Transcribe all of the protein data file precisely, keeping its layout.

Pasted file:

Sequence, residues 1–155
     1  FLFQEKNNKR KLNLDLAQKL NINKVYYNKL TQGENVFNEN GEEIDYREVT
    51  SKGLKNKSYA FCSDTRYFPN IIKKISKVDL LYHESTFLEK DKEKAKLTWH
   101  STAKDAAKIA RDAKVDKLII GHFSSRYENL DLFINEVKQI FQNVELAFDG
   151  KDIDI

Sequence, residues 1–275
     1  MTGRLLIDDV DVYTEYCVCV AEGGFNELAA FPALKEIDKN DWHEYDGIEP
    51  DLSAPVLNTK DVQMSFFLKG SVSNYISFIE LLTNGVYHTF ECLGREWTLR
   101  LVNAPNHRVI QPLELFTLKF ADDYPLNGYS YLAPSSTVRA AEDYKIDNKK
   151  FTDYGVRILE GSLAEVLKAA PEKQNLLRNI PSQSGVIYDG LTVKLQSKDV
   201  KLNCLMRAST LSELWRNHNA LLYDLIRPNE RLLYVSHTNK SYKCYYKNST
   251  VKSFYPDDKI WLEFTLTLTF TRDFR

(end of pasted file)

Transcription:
Sequence, residues 1–155
     1  FLFQEKNNKR KLNLDLAQKL NINKVYYNKL TQGENVFNEN GEEIDYREVT
    51  SKGLKNKSYA FCSDTRYFPN IIKKISKVDL LYHESTFLEK DKEKAKLTWH
   101  STAKDAAKIA RDAKVDKLII GHFSSRYENL DLFINEVKQI FQNVELAFDG
   151  KDIDI

Sequence, residues 1–275
     1  MTGRLLIDDV DVYTEYCVCV AEGGFNELAA FPALKEIDKN DWHEYDGIEP
    51  DLSAPVLNTK DVQMSFFLKG SVSNYISFIE LLTNGVYHTF ECLGREWTLR
   101  LVNAPNHRVI QPLELFTLKF ADDYPLNGYS YLAPSSTVRA AEDYKIDNKK
   151  FTDYGVRILE GSLAEVLKAA PEKQNLLRNI PSQSGVIYDG LTVKLQSKDV
   201  KLNCLMRAST LSELWRNHNA LLYDLIRPNE RLLYVSHTNK SYKCYYKNST
   251  VKSFYPDDKI WLEFTLTLTF TRDFR